Most LLCs will require the services of employees to effectively manage the affairs of the company. An employment agreement can be used to formalize the relationship between employer and employee, and governs the terms and conditions of the employment.

Independent contractors may also be used instead of employees to provide various services. One important difference between the two is the relationship between the parties. A regular employee works under the general supervision of the company, while an independent contractor works on project basis and does not participate in the affairs of the company, except the project he/she is entrusted with.

A well thought out employment agreement aims to cover every foreseeable eventuality that can arise between an employer and the employee. For instance, you must consider the following clauses that form an integral part of any employment / independent contractor agreement:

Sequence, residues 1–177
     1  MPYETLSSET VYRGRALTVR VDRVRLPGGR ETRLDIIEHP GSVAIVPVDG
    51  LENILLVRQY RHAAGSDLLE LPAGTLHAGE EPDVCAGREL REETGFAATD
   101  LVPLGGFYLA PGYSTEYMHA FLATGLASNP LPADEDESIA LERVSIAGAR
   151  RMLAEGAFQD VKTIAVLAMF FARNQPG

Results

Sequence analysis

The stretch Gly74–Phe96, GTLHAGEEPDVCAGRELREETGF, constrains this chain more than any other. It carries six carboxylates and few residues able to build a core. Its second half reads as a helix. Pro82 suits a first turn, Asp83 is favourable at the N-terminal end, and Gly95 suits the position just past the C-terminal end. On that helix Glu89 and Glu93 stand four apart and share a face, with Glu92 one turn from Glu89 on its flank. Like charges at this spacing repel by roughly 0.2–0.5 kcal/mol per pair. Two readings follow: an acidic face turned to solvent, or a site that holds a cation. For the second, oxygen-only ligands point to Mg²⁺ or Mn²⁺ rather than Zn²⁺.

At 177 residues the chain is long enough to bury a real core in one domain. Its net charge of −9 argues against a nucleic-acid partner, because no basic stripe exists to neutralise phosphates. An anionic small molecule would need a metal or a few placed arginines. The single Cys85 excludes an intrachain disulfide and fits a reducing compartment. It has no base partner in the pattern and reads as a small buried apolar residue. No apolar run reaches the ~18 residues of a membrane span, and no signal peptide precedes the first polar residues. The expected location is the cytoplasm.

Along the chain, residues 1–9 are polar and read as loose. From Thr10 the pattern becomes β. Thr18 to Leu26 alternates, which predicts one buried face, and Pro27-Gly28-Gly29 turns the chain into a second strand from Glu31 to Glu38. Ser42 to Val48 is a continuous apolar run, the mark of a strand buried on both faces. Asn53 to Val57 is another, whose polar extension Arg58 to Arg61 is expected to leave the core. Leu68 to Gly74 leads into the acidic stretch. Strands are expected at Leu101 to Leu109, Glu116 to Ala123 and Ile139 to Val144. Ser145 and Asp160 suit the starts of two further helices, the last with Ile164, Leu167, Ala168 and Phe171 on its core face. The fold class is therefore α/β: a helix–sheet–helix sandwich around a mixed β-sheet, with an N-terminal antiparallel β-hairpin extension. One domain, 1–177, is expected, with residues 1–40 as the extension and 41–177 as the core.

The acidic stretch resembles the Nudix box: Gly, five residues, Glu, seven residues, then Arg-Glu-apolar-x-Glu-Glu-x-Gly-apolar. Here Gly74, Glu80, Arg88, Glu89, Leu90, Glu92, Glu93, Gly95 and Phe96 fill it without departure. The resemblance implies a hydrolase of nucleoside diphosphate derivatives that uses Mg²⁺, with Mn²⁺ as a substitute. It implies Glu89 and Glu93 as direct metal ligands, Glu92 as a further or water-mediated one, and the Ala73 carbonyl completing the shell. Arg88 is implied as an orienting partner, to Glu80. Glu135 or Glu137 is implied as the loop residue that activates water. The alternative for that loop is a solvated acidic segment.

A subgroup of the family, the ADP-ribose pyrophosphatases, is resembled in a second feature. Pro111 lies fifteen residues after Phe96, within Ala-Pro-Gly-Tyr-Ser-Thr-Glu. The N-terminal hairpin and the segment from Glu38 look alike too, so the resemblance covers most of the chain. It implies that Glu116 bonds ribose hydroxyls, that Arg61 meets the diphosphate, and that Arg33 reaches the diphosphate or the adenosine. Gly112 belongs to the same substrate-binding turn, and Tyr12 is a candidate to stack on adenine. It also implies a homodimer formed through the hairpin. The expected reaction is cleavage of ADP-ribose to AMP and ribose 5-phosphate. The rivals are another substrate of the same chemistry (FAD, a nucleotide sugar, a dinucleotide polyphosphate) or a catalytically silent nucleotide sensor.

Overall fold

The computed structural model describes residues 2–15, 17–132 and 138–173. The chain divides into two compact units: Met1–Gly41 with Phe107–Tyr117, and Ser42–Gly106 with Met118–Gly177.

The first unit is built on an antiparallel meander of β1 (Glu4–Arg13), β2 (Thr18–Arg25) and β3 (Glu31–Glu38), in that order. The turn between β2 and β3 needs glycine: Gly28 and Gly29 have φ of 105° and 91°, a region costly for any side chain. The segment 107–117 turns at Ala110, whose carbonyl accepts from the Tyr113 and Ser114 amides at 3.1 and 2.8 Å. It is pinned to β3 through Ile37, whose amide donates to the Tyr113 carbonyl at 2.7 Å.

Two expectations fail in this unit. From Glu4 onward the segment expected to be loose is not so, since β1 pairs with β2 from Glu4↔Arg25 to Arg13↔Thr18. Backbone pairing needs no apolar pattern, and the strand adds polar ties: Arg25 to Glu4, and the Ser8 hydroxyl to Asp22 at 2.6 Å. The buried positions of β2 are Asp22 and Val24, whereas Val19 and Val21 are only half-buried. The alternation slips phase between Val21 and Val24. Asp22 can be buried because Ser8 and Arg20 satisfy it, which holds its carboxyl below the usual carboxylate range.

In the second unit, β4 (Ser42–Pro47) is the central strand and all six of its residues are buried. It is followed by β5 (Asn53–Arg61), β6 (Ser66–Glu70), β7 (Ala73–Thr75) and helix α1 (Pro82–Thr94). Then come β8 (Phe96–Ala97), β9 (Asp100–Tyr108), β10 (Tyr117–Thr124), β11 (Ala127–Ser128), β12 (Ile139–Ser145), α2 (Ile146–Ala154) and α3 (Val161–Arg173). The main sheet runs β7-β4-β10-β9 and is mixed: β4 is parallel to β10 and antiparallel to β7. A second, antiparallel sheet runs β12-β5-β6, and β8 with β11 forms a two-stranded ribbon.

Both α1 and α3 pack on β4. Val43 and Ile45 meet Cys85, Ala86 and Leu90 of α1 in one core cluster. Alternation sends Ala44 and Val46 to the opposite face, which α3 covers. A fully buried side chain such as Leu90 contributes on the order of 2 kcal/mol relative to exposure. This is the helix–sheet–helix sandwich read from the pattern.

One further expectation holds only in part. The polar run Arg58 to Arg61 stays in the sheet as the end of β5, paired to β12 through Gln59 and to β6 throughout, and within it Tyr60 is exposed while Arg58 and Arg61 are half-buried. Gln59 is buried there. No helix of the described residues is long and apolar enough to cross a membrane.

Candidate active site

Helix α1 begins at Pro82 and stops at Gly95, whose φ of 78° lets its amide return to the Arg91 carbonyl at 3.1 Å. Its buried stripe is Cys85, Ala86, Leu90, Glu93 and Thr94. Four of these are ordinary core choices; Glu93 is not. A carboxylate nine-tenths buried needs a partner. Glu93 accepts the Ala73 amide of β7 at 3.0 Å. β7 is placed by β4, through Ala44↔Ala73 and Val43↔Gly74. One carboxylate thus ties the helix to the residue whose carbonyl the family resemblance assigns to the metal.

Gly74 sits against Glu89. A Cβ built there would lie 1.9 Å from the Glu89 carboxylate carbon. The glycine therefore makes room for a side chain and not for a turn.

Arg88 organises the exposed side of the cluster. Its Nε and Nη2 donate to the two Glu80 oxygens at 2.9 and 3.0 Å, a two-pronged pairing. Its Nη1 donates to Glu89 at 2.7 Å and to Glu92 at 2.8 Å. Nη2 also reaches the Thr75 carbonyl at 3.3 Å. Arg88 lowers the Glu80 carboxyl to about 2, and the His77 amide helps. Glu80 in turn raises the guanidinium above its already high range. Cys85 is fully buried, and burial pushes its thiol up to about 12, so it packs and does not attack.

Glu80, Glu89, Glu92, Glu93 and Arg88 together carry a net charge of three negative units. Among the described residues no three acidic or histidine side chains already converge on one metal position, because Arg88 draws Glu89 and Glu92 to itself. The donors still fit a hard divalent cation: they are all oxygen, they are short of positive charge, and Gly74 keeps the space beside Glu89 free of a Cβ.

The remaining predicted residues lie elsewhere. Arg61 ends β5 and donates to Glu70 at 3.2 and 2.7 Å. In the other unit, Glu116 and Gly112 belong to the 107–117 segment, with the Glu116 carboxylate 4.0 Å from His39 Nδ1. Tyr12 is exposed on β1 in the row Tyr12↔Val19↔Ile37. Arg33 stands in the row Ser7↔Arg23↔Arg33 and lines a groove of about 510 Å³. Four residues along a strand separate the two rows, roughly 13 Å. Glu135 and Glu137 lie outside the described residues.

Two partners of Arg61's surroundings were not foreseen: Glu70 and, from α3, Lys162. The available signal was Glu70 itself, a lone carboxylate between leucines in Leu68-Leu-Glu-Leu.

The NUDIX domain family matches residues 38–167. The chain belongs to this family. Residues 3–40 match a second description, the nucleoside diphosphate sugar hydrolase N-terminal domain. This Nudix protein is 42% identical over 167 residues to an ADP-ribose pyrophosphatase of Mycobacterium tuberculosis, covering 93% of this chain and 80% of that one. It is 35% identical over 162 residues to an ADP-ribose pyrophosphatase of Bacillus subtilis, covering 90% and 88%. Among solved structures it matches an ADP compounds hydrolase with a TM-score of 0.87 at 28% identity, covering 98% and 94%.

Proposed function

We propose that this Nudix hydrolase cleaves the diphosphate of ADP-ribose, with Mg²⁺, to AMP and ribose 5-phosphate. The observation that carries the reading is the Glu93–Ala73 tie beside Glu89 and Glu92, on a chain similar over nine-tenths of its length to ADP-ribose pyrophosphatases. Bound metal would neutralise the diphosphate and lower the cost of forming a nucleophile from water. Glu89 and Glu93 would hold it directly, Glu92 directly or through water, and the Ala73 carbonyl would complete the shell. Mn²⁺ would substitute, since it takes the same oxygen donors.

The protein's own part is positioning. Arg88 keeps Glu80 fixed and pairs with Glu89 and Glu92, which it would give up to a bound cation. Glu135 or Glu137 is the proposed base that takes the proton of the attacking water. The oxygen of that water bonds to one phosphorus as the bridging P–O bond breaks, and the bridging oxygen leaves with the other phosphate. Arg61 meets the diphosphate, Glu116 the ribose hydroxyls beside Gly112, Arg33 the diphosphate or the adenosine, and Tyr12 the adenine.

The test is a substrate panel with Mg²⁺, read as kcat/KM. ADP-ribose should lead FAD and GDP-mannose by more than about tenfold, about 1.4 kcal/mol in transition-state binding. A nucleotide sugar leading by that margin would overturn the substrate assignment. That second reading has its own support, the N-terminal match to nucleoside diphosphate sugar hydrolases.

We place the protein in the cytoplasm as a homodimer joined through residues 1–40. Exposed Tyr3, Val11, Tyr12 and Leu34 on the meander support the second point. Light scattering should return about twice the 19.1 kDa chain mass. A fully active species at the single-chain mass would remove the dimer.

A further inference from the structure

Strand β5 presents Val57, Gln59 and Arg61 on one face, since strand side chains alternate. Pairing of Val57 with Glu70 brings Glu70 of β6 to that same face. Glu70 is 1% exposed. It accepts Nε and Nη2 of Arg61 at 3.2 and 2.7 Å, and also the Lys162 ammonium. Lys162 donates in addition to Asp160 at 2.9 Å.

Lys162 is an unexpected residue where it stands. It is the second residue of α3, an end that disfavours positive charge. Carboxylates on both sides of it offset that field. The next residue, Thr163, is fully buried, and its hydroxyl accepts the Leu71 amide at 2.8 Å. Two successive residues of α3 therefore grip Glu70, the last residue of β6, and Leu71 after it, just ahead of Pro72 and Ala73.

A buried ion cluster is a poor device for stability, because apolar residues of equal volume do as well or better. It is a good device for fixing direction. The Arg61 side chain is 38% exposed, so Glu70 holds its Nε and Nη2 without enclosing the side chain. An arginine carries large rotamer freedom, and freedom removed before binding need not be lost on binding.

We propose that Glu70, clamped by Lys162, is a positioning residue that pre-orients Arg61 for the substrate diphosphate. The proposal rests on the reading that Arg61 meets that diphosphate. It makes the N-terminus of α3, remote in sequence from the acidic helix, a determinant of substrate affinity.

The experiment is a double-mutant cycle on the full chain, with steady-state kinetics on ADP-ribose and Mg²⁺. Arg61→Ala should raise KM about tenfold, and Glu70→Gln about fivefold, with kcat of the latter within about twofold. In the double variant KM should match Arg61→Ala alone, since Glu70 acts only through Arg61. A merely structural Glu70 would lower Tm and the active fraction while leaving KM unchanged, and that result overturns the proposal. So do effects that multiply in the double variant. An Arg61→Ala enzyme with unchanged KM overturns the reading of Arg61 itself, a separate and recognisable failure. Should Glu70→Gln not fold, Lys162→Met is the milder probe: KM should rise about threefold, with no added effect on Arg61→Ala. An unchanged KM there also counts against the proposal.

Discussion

• term of agreement
  • termination of employment
  • working conditions, rules and regulations
  • salary/fees
  • allowances, benefits, insurance, etc.
  • ownership of intellectual property rights to the work created during employment
  • non-compete clause
  • The employment agreements are governed by the employment laws and regulations applicable to a particular state and industry. If the employment agreement does not adhere to local laws and regulations, it may lose its enforceability in the courts. There may be significant consequences for the employer in case the employment agreement is unreasonably harsh on the employee.

    Please click here for a detailed discussion on the employment agreement.

    #3 Confidentiality Agreement

    The confidential information of your business, like trade secrets, client lists, business strategy, pricing policy, etc., is probably one of your biggest assets. As such, it should be protected by a Confidentiality Agreement before it is shared with employees, independent contractors or any other third parties.